By Alex Tsai
On Dec. 1, Arkansas Governor Asa Hutchinson announced in a press release that Arkansas would be the first state in the nation to implement a Stanford-backed concussion education program in every high school.
The concussion awareness initiative –– known as CrashCourse –– was developed by Stanford researchers and student athletes to promote dialogue about head injuries and encourage the early reporting of concussion symptoms.
The program is the first virtual reality concussion education program and was developed by TeachAids, a nonprofit specializing in health education innovation that works in collaboration with Stanford.
The Arkansas Department of Education, Arkansas Department of Health and Arkansas Activities Association partnered with TeachAids to implement CrashCourse statewide. Arkansas is already the first state to mandate virtual reality education in all public high schools.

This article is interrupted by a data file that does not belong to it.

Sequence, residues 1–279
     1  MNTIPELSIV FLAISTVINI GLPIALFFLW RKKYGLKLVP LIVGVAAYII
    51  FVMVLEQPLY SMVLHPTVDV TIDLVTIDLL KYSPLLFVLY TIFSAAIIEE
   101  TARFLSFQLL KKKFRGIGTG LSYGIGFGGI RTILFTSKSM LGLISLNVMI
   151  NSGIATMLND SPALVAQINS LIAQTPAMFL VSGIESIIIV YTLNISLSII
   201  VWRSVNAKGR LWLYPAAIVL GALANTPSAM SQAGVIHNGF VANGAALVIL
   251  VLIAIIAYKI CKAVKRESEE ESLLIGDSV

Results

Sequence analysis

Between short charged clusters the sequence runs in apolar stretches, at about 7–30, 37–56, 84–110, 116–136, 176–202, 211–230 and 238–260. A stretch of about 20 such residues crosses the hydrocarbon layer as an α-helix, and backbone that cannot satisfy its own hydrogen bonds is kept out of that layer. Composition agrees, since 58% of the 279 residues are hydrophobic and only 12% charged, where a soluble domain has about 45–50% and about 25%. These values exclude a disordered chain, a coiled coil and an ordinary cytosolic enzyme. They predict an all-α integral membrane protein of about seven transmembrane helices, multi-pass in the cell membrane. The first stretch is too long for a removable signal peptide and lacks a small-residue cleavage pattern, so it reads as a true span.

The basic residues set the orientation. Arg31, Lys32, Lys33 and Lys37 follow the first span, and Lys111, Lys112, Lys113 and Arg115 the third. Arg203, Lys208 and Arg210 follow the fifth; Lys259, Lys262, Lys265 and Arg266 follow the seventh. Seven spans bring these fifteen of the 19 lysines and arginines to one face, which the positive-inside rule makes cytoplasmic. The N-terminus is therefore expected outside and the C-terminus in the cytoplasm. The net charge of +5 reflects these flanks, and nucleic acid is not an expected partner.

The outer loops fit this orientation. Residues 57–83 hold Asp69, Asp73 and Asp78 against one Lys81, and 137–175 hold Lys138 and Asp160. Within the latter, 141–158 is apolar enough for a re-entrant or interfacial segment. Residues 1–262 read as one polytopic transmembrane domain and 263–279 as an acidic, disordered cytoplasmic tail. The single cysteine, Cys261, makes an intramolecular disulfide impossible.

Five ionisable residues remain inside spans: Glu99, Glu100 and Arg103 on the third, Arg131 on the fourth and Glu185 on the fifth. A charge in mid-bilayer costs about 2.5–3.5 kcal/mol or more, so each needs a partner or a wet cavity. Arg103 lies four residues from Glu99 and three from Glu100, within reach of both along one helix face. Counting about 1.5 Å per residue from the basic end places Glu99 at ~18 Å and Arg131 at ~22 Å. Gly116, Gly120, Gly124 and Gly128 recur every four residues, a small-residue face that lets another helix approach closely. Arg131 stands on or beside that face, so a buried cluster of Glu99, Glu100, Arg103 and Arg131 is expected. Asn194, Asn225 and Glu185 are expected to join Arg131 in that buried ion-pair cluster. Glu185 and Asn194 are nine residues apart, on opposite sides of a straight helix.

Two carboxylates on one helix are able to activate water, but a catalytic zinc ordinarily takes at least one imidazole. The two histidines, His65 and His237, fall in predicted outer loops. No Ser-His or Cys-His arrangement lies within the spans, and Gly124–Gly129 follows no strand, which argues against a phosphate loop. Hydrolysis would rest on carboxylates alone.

“Arkansas is setting a precedent for the rest of the nation in providing cutting-edge VR education to its students,” Hutchinson said. “Through our unique partnership with TeachAids, this groundbreaking concussion education experience will empower young people to solve real-world problems in our increasingly technology-driven society.”
Founder and CEO of TeachAids Piya Sorcar praised Hutchinson for paving the way for more effective concussion education among youth.
“We are proud to partner with the state of Arkansas in this historic progression for concussion education,” Sorcar said, “and applaud Governor Hutchinson for his leadership in prioritizing unique learning opportunities for young people.”
Stanford football captain Bryce Love ’20, who helped develop the CrashCourse curriculum, said he was motivated to develop the program by a desire to educate younger athletes.
“[CrashCourse] is what we wish we had when we were younger,” Love wrote in an email to The Daily in October after CrashCourse first announced its partnership with Pop Warner, the country’s largest youth football organization. “There was nothing like it growing up for us.”
Contact Alex Tsai at aotsai ‘at’ stanford.edu.